Remote Workers

Inside Indiana Business reported that three Indiana Cities took positions in the Wall Street Journal’s list of Top Ten Places for Remote Workers: Evansville was #3, Lafayette was #5 and Fort Wayne was #10. The topic of remote workers comes up often at the Culver Crossroads meetings. While Culver has done a lot to become attractive to remote workers, I’m not sure we’ve done much to actually attract remote workers.

Culver saw a lot of remote workers during the pandemic. Not surprising that a community of second homes became a desirable location to shelter-in-place. One advantage that Culver had over the cities listed above (for sheltering in place) was our small size. We have many of the necessary amenities without the large population. We undoubtedly missed an opportunity to capture more of those remote workers.

Image from MCEDC website

While we have boosted our amenities, we can’t compete with small city amenities such as colleges. (Though to some extend, Culver Academies fills a lot of that gap. That’s not necessarily obvious to someone looking in from the outside.) What we should do is promote our proximity to these. Two of the above cities, Lafayette and Fort Wayne, are within 75 miles of Culver. Lafayette gives us proximity to Purdue. South Bend and Notre Dame are 45 miles away. Chicago is only 76 miles away! Michigan Wine Country is only 76 miles away. We’re only 100 miles of Indianapolis. Yet we only continue to promote Culver as a destination. The Culver Visitors Center promotes itself as Find Culver.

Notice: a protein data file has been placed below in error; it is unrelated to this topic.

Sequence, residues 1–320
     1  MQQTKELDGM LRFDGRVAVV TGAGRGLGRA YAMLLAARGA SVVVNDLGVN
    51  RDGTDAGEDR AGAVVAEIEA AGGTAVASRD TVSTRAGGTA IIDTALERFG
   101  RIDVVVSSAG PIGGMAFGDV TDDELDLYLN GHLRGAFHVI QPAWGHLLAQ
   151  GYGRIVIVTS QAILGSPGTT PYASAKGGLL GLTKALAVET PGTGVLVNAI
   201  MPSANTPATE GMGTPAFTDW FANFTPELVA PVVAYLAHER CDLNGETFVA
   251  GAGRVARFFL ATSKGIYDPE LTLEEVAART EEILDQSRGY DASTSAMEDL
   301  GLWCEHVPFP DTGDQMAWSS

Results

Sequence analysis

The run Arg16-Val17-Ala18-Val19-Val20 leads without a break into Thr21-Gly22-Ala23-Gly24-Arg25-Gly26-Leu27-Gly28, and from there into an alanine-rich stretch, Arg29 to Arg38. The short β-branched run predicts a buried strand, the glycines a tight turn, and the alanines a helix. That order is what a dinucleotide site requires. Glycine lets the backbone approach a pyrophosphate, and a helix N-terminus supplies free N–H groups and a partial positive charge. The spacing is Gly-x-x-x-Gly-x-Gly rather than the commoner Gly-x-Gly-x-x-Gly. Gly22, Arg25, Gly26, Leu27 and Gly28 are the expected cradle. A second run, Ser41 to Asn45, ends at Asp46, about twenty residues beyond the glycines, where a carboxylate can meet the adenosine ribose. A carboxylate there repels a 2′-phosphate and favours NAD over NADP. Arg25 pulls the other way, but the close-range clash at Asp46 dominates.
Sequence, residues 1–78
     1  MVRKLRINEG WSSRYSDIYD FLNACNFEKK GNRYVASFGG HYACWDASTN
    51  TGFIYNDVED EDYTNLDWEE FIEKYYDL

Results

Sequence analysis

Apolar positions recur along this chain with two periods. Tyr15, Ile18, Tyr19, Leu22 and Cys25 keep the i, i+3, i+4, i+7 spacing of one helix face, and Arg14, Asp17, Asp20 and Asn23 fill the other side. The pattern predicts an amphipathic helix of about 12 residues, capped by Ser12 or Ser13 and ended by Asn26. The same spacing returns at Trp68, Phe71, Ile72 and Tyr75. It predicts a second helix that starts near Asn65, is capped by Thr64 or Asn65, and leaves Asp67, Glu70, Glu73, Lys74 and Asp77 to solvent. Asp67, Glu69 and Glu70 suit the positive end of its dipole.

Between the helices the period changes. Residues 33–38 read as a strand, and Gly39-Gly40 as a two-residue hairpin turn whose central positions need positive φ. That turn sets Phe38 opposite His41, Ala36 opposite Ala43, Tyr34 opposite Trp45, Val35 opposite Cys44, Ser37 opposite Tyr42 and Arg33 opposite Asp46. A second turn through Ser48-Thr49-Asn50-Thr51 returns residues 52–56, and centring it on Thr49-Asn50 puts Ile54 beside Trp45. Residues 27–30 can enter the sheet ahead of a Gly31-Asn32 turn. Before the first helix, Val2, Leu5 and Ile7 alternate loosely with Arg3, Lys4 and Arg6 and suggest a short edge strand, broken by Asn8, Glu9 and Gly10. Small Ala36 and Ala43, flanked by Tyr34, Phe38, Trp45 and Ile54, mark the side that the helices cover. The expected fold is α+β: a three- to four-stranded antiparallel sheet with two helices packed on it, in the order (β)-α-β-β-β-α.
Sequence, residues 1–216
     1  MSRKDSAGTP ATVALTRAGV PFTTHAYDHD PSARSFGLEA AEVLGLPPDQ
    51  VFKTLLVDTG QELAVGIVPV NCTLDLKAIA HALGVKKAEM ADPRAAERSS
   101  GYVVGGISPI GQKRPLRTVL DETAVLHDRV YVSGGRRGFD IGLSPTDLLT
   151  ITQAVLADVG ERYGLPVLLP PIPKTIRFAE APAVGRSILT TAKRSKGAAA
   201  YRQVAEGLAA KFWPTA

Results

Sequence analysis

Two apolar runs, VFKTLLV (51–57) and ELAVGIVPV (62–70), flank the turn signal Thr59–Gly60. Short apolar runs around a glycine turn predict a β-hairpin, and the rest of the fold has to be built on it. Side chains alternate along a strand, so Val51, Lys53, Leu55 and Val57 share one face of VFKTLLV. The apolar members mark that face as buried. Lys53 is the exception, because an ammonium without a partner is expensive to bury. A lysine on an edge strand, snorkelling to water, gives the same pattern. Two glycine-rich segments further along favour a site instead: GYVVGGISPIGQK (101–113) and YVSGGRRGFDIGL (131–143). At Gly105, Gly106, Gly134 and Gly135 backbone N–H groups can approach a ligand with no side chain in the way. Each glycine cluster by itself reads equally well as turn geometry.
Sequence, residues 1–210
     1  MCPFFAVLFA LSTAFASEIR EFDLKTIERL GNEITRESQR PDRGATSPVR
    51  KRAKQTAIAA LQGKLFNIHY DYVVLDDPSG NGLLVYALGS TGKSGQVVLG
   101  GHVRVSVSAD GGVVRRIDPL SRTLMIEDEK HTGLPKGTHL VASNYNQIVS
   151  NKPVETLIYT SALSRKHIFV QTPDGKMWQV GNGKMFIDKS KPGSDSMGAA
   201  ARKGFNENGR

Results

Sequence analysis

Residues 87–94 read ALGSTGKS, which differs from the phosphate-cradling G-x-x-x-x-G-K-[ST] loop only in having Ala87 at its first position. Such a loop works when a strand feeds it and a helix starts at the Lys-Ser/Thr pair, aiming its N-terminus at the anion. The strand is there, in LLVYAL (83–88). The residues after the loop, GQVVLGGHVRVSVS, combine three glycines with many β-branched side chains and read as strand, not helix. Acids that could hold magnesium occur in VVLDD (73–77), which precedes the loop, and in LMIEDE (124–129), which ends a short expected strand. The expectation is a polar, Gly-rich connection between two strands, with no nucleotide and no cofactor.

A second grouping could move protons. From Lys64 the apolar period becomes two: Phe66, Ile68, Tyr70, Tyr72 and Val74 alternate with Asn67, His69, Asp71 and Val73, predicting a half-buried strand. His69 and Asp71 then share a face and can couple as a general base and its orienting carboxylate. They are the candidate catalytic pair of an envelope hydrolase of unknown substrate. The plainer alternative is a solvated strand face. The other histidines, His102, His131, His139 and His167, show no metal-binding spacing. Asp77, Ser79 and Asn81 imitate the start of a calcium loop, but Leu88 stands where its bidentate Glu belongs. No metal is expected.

CabinetWorks Billboard on 31 South

What if we were to also promote Culver as a hub? Marshall County Economic Development Corporation has been doing this with manufacturers for years, pointing out the manufacturing centers and vast population within a 200 mile radius of Marshall County. (One of those interesting statistics is that there are more people within 200 miles of Marshall County, IN than within 200 miles of Atlanta, GA.)

Image from CabinetWorks Group Website

I know we’re still working on things and there are some issues, such as broadband, yet to be solved, but I don’t think it’s too soon to talk about why Culver is a great place to live, not just a great place to visit. This is an across the board thing. Look at the sign CabinetWorks has promoting working in Culver (above) and the image from their website promoting Culver itself (right). How do we extend their suggestion of working in Culver to living in Culver. Culver assisted Sand Hill Farm Apartments and The Paddocks bringing in workforce housing. They are in the process of helping two other developers bring in upper income housing. Is it possible to broaden the Culver Visitors Center’s mission to include finding new residents, not just visitors?

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